GFA Federal Credit Union

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  • May 20, 2024

3 Bad Credit Card Habits You Can’t Afford to Keep

Credit cards allow you to shop online, pay for travel expenses, and build your credit score. Some credit card companies also offer perks like free airline miles, store discounts, and cash back benefits.

While credit cards can be a useful tool, they can also lead to debt that can quickly spiral out of control. If you’re looking for ways to improve your finances, here are the bad credit card habits you can’t afford to keep.

Making Late or Minimum Payments

Depending on the type of credit card you have, late fees can cost anywhere from $25 to $50. That fee gets added on top of the account balance you already owe. In other words, late payments are one of those bad credit card habits you can’t afford to keep.

It’s also not good to get in the habit of making minimum payments. While this won’t harm your credit score, it will exponentially increase the amount of interest you’ll have to pay. The best strategy is to pay your bill on time and pay the entire balance.

Spending Your Entire Credit Limit

The percentage of your credit limit you use each month is called the credit utilization limit. Ideally, you should only spend 30% of your total credit limit each month. This also includes the balance that’s on your account.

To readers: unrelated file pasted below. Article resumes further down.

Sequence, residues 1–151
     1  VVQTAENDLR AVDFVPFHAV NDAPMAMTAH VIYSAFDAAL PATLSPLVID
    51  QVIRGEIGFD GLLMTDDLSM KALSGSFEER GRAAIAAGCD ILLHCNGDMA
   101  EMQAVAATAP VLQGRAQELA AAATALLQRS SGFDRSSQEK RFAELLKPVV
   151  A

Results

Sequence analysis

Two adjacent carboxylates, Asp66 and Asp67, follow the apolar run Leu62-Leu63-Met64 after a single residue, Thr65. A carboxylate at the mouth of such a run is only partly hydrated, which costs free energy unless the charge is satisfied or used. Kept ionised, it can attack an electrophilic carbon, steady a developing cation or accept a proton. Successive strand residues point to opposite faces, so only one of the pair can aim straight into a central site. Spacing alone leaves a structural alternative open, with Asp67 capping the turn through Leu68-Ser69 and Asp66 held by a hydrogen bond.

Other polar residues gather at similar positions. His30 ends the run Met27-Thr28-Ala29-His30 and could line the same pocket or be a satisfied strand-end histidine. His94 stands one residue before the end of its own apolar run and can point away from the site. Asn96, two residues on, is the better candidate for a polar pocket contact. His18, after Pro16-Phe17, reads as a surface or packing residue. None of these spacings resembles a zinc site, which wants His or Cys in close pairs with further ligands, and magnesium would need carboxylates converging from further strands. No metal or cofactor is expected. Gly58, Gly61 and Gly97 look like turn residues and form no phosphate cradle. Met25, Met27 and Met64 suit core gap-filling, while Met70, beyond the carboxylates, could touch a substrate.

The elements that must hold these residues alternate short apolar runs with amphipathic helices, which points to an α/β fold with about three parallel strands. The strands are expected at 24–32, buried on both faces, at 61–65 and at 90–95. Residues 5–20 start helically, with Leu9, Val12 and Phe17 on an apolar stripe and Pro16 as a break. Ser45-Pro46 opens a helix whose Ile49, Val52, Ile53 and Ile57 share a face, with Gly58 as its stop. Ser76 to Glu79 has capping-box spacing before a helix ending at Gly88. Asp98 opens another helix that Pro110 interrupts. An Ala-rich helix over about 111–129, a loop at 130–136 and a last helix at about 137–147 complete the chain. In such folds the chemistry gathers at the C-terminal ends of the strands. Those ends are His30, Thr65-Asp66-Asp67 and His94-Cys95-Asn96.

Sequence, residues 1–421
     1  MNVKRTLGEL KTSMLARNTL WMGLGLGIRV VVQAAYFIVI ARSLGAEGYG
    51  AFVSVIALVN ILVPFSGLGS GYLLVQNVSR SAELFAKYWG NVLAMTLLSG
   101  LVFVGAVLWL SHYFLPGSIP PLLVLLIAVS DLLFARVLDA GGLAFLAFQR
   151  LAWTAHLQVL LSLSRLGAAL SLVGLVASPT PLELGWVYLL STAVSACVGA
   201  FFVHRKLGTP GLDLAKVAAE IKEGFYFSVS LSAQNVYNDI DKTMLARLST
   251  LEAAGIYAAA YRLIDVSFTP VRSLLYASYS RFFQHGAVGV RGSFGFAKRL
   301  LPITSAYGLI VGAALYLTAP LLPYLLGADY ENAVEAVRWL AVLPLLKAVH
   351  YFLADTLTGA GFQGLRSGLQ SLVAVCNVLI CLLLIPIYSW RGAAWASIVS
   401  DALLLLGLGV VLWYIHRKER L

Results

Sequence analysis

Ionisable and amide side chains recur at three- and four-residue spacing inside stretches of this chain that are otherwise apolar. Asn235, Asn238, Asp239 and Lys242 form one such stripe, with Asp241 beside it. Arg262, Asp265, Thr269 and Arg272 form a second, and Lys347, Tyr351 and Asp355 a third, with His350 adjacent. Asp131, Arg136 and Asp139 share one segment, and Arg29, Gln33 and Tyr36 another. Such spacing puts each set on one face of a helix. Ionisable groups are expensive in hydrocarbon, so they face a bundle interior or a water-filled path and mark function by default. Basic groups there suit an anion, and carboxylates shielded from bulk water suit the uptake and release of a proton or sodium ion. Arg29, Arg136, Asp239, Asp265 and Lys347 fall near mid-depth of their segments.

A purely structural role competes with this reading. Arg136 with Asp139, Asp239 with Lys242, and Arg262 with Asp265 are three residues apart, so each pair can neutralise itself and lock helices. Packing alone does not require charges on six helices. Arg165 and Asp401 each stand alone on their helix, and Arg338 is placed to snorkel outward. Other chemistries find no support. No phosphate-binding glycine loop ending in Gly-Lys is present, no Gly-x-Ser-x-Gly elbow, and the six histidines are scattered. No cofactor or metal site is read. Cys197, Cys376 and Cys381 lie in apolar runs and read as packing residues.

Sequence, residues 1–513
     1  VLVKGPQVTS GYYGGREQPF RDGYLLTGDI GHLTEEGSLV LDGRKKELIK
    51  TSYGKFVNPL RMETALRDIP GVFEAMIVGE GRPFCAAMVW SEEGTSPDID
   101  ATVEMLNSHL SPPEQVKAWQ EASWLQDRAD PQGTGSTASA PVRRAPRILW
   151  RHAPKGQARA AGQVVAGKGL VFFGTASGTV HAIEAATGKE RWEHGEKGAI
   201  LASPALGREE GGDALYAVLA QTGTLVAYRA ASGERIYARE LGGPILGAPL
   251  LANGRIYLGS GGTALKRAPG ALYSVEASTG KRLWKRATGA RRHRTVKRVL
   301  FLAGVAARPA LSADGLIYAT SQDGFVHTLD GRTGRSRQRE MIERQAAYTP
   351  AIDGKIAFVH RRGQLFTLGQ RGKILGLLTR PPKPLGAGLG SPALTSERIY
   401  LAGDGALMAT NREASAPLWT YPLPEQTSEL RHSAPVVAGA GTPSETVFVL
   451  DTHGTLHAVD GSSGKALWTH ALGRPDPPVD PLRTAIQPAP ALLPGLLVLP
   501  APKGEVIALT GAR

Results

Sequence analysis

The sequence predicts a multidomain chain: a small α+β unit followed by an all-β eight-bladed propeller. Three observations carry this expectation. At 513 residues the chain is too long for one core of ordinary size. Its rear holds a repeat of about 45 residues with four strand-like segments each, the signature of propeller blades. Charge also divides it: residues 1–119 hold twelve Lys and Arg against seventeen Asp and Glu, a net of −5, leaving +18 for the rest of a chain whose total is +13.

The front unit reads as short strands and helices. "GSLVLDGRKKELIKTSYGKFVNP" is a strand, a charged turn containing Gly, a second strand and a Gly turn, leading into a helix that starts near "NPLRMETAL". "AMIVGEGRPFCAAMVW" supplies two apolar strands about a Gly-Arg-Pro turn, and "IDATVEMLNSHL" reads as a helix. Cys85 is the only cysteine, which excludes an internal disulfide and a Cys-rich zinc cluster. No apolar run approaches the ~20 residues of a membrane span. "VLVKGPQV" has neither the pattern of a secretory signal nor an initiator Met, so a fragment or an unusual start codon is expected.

For example, if you have a monthly credit limit of $1,500, you should try to avoid carrying a balance of more than $450. If you frequently spend more than 30% of your credit limit, it can harm your credit score.

One solution is to lower your credit card spending. You can also ask your credit card company to raise your credit limit. That said, raising your credit limit is only a good idea if you routinely pay off your entire monthly balance.

Relying on Balance Transfers to Manage Debt

If you already have credit card debt, balance transfers can be a tool to help pay off your balance. However, this strategy can backfire and lead to more debt if you’re not careful.

For a balance transfer to be a productive strategy, you need to utilize the 0% APR period, also known as the 6 to 18-month interest-free period. Once this period ends, you’ll once again be charged interest on your balance. If you want to pay down your debt, only sign up for a balance transfer if you're able to stick to a strict repayment schedule.

Managing credit card debt is a key part of financial wellness. At GFA, our members have the option to open our Fusion Savings account or our Preferred Choice interest-bearing checking account to help you earn more money. Massachusetts and New Hampshire residents can also visit any of our 10 local branches to learn more. We’re invested in our local communities and are here to help you meet your financial goals.

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